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When it comes to size, they say, PEPs need to grow, and growbetter than MEPs have. When a plan reaches a sweet spot ofaround $10 million in assets, fees are reduced by 0.277% for everypercent increase in plan size, they calculate. But MEPs that aresmaller than $10 million in assets have a hard time keeping feesdown.

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And many MEPs have stayed small.

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Which doesn't seem bad on the surface. After all, a sellingpoint of PEPs is that those with fewer than 1,000 participants willhave simplified reporting requirements, thanks to the SECUREAct.

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Ironically, this simplified reporting requirement, whichcould help persuade small employers to join a PEP, "couldleave many participants in substandard plans," the paper says,because the plans would lack the oversight of auditing. Plus, itwould mean the DOL wouldn't see important data that could help itto assess plans as they grow and evolve.

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The authors are hopeful that "the PEP marketplace will grow in amore systematic way than MEPs have. However, even considering ifPEPs scale twice as quickly as MEPs, only a little more than 14% ofPEPs would reach 1,000 participants and report the detailedinformation needed to fully assess their quality in the next fiveyears," the paper says.

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PEPs still have potential

Still, the authors say, PEPs do have the potential to make smallemployer plans better, exposing participants who were in lowerquality single-employer plans to higher quality investments as partof a PEP. With that potential in mind, Mitchell and Szapirorecommend several policy changes. They include the following:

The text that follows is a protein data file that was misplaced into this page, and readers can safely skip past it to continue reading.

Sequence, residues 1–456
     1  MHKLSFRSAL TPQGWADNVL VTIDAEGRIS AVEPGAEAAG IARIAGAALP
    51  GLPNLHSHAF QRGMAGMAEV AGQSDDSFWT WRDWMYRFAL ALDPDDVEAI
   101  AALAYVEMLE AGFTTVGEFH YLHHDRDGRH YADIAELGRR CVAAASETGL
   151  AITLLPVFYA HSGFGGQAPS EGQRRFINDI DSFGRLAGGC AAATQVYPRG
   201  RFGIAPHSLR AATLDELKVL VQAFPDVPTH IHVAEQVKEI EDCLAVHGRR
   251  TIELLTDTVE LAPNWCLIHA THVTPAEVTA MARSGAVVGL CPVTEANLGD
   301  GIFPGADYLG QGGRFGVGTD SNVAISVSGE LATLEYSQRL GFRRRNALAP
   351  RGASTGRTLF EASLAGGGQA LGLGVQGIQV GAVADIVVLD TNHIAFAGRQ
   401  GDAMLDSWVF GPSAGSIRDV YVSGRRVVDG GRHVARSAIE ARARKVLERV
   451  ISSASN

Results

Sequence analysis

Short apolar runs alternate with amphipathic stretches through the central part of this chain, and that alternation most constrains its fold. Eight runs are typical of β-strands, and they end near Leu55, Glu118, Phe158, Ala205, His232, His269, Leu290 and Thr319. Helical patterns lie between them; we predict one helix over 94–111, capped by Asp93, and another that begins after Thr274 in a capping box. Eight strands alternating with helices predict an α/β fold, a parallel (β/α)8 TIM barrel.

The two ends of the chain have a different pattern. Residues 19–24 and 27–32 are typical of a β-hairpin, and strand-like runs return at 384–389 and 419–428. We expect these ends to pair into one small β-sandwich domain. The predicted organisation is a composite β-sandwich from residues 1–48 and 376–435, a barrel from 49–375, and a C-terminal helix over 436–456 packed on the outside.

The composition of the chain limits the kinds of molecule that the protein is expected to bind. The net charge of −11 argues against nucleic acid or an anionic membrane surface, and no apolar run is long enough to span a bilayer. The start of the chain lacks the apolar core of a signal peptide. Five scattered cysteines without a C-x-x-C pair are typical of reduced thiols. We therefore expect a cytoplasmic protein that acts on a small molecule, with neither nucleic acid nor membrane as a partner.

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1. Limit the reporting and audit relief offered to smaller PEPsif they don't get bigger. "This would make the relief a carrot fornew PEPs while curbing long-term problems with plans that neverscale."

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2. Make PEP providers clearly disclose administrative andinvestment fees to help make it easier for sponsors to choosebetween PEPs as well as monitor the PEP they do choose.

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3. Make it easy for plan sponsors to withdraw and join otherPEPs, and for PEPs to merge with each other. That way, if a PEPgets larger but the fees don't go down, sponsors would have someoptions for action. It would also address the issue of a providerwanting to close a PEP and could help with the desired increase inscale — "if it is determined that is the best approach to creatingscale."

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More details and arguments are examined in the paper,as is an explanation of the methodology and the numbers. Go to theMorningstar site to get "Paperwork or panacea? As PEPs Come of Age, What Can TheirForebearers Tell us About how They Will Work?"

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C.J. Marwitz

C.J. Marwitz is a writer and editor.